DISCLAIMER:

The following ramblings are based on real-life experiences, mishaps, and downright screw-ups. Names (of past, present, and future boyfriends) have been changed or omitted to protect the innocent. And the guilty...

Tuesday, March 2, 2010

Trash Talk Tuesday

Howdy everybody!  It's Trash Talk Tuesday again!!  As promised, this week I will delve into the WONDERFUL world of child beauty pageants!!  WOO HOO!!!  Hold on to your butts!  It's going to be a wild ride!  (Well, not really.  Just felt like saying that.)



OPINIONS AHEAD. 
PROCEED WITH CAUTION.

Aside from shows about teen pregnancy (see last week's Trash Talk), the only reality TV that can truly suck me in are those shows which follow baby beauty queens.  I'm not sure what draws me to this entertainment medium.  It's definitely like a train wreck - you just can't pull your eyes away from it!  The insane mothers, the 3-year-olds that look like 30 year old prostitutes, the sequins, the hair extensions, the 4 ft tall trophies.  It's a veritable cornucopia of rhinestone encrusted horror.  And I love every minute of it.

The otherwise obscure topic became of interest to the American public following the devastating murder of Jon Benet Ramsey.  The six-year-old's death brought to light the surreal and controversial world of child beauty pageants, and the caricatures behind it.  Let me now walk you through the evolution of child pageant shows...


Living Dolls: The Making of a Child Beauty Queen

Following the media frenzy surrounding JonBenet's murder, HBO decided to follow a white-trash (sorry to be so blunt, but it's true) Florida family around the Southern kiddie pageant circuit.  Swan Brooner - and no, you can't make up a name like that - had plateaued at the ripe old age of five.  Instead of throwing in the towel, her trailer trash mother decided to hire infamous gay pageant coaches  Shane King and Michael Butler to whip her little girl into shape.

While mom and Swan travel from fleabag hotel to fleabag hotel, we watch Swan's family implode back home. Brother Bubba is off in juvy, sister Silva is a bit of a teen tramp, and mom's pervy boyfriend is just trying to hold it all together.  All the while, Swan is forced to compete against her coaches' daughter - the reigning queen of, well, pretty much every pageant in the history of pageants (holder of 27 national titles at age 7).  Thank God, poor little sweetheart Swan finally catches a break and wins the coveted title of Miss Grand National Star Grand Supreme.  And a whopping $2,500 to go with it.  That should make up for the roughly $70K good  ol' mom spent to get her there.  I mean, who needs a house without wheels anyway?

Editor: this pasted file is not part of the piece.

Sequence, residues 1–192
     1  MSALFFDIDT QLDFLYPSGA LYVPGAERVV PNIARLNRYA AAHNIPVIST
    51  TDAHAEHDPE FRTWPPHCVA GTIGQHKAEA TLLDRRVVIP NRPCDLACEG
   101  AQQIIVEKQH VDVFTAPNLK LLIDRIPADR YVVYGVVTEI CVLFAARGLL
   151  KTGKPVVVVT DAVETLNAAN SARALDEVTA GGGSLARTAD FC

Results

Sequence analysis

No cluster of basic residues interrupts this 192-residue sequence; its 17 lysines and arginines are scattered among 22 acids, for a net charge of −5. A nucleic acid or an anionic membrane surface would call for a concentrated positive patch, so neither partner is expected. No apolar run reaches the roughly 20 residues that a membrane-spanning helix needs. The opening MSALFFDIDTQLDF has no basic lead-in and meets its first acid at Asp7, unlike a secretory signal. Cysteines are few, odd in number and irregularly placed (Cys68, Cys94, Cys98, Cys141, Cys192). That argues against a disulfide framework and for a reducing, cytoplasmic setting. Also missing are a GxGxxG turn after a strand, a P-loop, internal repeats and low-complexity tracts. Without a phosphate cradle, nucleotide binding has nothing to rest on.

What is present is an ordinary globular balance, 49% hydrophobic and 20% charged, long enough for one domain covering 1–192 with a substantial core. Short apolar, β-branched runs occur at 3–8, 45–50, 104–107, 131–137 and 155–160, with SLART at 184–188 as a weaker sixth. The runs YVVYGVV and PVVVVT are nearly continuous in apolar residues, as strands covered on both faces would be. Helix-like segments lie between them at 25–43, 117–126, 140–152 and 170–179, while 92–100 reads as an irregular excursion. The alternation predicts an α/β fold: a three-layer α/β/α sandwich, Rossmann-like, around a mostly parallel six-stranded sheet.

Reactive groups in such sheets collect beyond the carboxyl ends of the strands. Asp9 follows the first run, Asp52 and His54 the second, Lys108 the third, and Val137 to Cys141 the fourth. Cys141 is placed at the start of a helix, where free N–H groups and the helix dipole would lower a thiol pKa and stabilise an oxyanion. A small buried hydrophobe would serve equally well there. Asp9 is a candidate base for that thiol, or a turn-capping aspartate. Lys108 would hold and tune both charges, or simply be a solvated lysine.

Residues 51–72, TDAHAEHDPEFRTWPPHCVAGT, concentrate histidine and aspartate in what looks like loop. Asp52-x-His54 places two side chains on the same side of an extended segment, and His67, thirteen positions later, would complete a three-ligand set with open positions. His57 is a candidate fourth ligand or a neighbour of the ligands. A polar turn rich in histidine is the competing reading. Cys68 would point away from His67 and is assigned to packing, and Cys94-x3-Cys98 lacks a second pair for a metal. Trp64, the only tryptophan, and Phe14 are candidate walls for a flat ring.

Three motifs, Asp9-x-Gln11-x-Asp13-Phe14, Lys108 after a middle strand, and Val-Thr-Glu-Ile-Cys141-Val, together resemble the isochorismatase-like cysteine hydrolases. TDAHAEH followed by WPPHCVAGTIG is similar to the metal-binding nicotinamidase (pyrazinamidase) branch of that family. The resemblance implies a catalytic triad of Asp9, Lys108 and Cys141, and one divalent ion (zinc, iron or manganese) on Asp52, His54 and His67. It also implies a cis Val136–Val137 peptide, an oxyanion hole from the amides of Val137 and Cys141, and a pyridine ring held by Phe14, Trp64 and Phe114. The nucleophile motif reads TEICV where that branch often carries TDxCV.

Little Swan's Winning Performance of "Where is Love" 
(You may want to turn the volume DOWN for this one...)

Side-note on Living Dolls.  I remember seeing this for the first time back when it originally aired in 2001,and this is definitely what kicked off my -albeit unhealthy- love of kids in crowns.  For some reason though, I could've sworn there was a follow-up series that featured Michael and Shane, and followed them through coaching a handful of kids (including Swan and their daughter Leslie).  Anybody else remember that?? 

Living Dolls developed a bit of a cult following, from what I understand, so it's surprising to me that there hasn't been anything like it made since.  Until 2009, that is.  Enter both Toddlers & Tiaras and Little Miss Perfect...

Toddlers & Tiaras

TLC's Toddlers & Tiaras has much more of a documentary feel than it's counterpart, Little Miss Perfect, and follows 3 or 4 different girls each week through preparation for and competition in a variety of pageants.  TLC has exposed us to such wonders as the Chitlin' Strut, Beautiful Dolls, Darling Divas, and Texas Walk of Fame.  A couple of the more seasoned veterans (5-year-old Eden Wood, for example) make multiple appearances on the show, but for the most part, we see fresh faces each week.  And fresh moms.  T&T doesn't try to hide the fact that pageant moms are hella crazy, and they don't seem to have to do much in the way of staging to drive that truth home.  Point in case (and please watch this.  It's unbelievable, heartbreaking, and sickening all at the same time.  For those of you with kids - could you even begin to imagine behaving this way??): 


Not all of the pageant moms are psycho bitches though.  Some of them are just plain psycho.  Again, I bring up Eden Wood.  She could honestly get a whole post for herself (and may one day).  Her mother is incredible.  She's trying to build an Eden Empire a la the Olsen Twins.  Here's a snippet of crazy, crazy Mickie Wood, discussing, among other things, the "Eden Wood Doll" and clothing line... 


Love Eden??  Want to join her fan club? (God, I hope not, because that would be horribly creepy.)  Well, YOU'RE IN LUCK!  In a recent Good Morning America appearance, Mickie Wood asked America to please follow her five-year-old on Facebook.  Yep, Facebook.  And this isn't a cute profile like some of my friends have set up for their kids.  This is full-blown marketing insanity.  Check it out... http://www.facebook.com/pages/Eden-Wood/133962794274#!/pages/Eden-Wood/133962794274?v=wall

Little Miss Perfect 


Little Miss Perfect takes a different approach to child pageantry.  Each week we meet two kids who are competing in their respective town's Little Miss Perfect Pageant.  The show is hosted by the kids, their moms, and pageant director and self-proclaimed god Michael Galanes.  LMP is what is called a "high glitz" pageant, which means kids need to be spray tanned and don fake nails, hair extensions, and GOBS of makeup in order to really compete.  Every now and then LMP will follow a "natural" girl, but rarely do they win.  Usually, the mom that spends the most, gets the crown.  I say the mom gets the crown because - let's be real - it's NEVER about the kids.